It’s a balmy fall evening in Tehran. The city sparkles with strings of colorful lights that make me think of Christmas. Green and white cloths are wound around trees lining the streets, and huge banners bearing slogans in Arabic hang from the buildings. In the city squares, people wave flags and shout “Ya Mahdi!” It’s Nimeh Saaban, a religious Shiite holiday that celebrates the birthday of Zaman, the Twelfth Imam who went into hiding in the tenth century and is supposed to return to earth on Judgment Day.
I’m riding in a car heading north toward the mountains and when we stop at a red light, a man approaches and passes a box of pastries through the window. I eye the cream-filled buns uncertainly. I’ve seen Tehran street urchins rush up to cars and spray water on the windshield then demand payment for carwash services, a practice that usually causes the driver to erupt in a frenzy of angry curses and threatening fists. But everyone is smiling now.
“Take one,” my companions urge. “They’re free.”
I help myself to the pastry as well as a plastic cup of hot chocolate that someone else passes through the window. The pastry man wishes us health, happiness, and good fortune before moving on to the next car.
Later, I learned that this custom of distributing food in public spaces has a name. It’s called nazri, the art of sharing food with strangers. An art because, like much of Persian culture, there’s more to this ritual than meets the eye. And as is often the case in Iran, it’s not done on a small scale. Distributing pastries and hot chocolate is a minimalist form of nazri. More often it involves vats of rice and kebabs, cauldrons of gheymeh (a lamb and split-pea stew) or stock pots filled with halim (a porridge much like oatmeal but made from wheat berries). In short, it’s not intended for a family of four but for hundreds, even thousands, of people.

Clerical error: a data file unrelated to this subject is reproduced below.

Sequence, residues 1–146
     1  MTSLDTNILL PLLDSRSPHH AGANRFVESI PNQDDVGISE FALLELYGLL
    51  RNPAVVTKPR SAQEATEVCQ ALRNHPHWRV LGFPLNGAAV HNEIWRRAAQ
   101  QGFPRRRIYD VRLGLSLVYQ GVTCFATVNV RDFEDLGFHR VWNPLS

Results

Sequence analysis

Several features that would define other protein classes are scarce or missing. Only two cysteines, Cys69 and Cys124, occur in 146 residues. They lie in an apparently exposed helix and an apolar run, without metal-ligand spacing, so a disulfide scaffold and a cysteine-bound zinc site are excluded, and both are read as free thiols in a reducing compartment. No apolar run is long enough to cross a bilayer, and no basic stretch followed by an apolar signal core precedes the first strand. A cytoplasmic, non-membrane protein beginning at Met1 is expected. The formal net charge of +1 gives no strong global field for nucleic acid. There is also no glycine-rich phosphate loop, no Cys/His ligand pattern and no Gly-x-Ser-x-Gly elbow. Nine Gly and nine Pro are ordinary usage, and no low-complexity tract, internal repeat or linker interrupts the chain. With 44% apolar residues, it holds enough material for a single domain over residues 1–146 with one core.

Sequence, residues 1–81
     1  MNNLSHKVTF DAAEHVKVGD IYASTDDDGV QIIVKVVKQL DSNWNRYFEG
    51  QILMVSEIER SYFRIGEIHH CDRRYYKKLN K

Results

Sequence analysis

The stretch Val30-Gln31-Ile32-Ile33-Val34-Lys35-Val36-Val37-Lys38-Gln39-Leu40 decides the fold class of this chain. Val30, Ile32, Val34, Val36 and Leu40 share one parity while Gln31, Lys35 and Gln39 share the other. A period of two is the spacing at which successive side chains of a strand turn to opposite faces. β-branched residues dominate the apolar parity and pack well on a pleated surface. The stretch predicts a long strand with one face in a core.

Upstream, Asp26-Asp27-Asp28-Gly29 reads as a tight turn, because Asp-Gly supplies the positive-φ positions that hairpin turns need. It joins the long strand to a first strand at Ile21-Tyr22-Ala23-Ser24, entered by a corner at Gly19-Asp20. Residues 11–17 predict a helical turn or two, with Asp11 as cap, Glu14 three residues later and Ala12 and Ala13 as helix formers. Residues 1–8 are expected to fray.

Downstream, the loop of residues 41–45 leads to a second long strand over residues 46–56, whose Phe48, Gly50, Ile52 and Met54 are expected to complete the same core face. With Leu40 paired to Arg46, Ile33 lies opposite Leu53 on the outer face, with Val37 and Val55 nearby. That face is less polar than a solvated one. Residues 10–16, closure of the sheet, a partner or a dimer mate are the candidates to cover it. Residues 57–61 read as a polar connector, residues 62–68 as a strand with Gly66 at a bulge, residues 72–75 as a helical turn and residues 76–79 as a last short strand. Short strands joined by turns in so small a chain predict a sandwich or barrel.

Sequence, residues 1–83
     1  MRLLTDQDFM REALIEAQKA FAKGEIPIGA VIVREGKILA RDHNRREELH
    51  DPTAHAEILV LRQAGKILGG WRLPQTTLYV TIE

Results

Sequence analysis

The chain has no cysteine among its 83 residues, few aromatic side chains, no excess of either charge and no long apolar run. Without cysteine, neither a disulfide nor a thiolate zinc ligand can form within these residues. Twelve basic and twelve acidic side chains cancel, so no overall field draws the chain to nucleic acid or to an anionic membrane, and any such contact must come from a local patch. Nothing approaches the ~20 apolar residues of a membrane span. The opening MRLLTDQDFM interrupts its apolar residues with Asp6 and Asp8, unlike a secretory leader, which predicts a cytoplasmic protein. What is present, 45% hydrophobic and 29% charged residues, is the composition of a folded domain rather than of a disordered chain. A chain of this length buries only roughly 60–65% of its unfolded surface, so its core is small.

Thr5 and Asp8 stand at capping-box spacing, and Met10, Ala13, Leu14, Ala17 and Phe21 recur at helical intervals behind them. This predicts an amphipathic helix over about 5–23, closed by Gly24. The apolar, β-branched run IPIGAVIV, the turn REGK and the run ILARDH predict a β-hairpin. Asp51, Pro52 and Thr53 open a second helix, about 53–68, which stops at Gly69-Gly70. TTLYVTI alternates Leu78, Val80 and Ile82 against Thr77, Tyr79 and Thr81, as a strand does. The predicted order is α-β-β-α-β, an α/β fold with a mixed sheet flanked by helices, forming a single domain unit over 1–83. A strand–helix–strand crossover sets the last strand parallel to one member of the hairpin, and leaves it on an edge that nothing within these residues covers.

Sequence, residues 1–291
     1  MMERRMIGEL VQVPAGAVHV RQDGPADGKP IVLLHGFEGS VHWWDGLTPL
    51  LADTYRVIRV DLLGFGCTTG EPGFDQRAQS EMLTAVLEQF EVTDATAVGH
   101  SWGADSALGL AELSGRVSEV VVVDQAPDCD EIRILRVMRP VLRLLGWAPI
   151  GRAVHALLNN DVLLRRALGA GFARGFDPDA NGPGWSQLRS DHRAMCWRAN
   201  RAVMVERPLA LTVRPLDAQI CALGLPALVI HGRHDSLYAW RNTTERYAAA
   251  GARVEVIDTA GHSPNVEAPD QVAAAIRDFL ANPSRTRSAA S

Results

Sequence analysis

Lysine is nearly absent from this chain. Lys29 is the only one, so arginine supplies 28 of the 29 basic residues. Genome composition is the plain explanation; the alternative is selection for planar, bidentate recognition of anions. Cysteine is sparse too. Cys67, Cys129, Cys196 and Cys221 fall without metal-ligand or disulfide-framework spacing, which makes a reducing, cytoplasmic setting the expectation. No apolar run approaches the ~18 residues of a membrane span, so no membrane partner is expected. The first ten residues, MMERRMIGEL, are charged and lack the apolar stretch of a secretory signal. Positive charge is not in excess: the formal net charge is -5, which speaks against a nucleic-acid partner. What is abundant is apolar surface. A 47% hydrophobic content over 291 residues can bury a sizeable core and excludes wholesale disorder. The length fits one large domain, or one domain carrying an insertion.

Nazri comes from the word nazr, which means “vow.” Essentially it’s a pact a person makes with God that if a certain wish comes true (often recovery from an illness), he or she will go out and feed the multitudes. While it’s possible to perform nazri at any time, this form of charity is often associated with religious holidays like Imam Zaman’s birthday.
Another such holiday is Ashura, which commemorates the martyrdom of Imam Hossein, the Prophet Mohammed’s grandson, in a 7th-century battle between Shiite and Sunni forces. For a period of ten days, cauldrons filled with steaming food are set up along the streets, and volunteers hand out portions to passers-by. These offerings are not the thimble-sized food samples you might receive in a supermarket brand promotion, but normal-sized bowls filled to the brim.
While some families prepare all this bounty themselves, in today’s rushed society where many women work and have careers, it’s become common to order the food from a caterer and have it distributed in a family’s name. One traditional practice is to slaughter a lamb, cut it up, and give the meat to the poor.
Another custom related to nazri involves a trip to the cemetery, which for many Iranians is a regular weekend ritual performed on Thursday afternoons (in Islamic countries, Friday is the holy day of rest). Families visit the graves of their loved ones bearing not only flowers but also food—fruit, pastries, nuts, and tea—which they will share with other people who have come for the same purpose.
Many things in modern Iran are changing, and traditional customs are being lost. I hope that nazri continues for a long time to come, because there’s something about sharing food with strangers that makes us feel connected to our global community.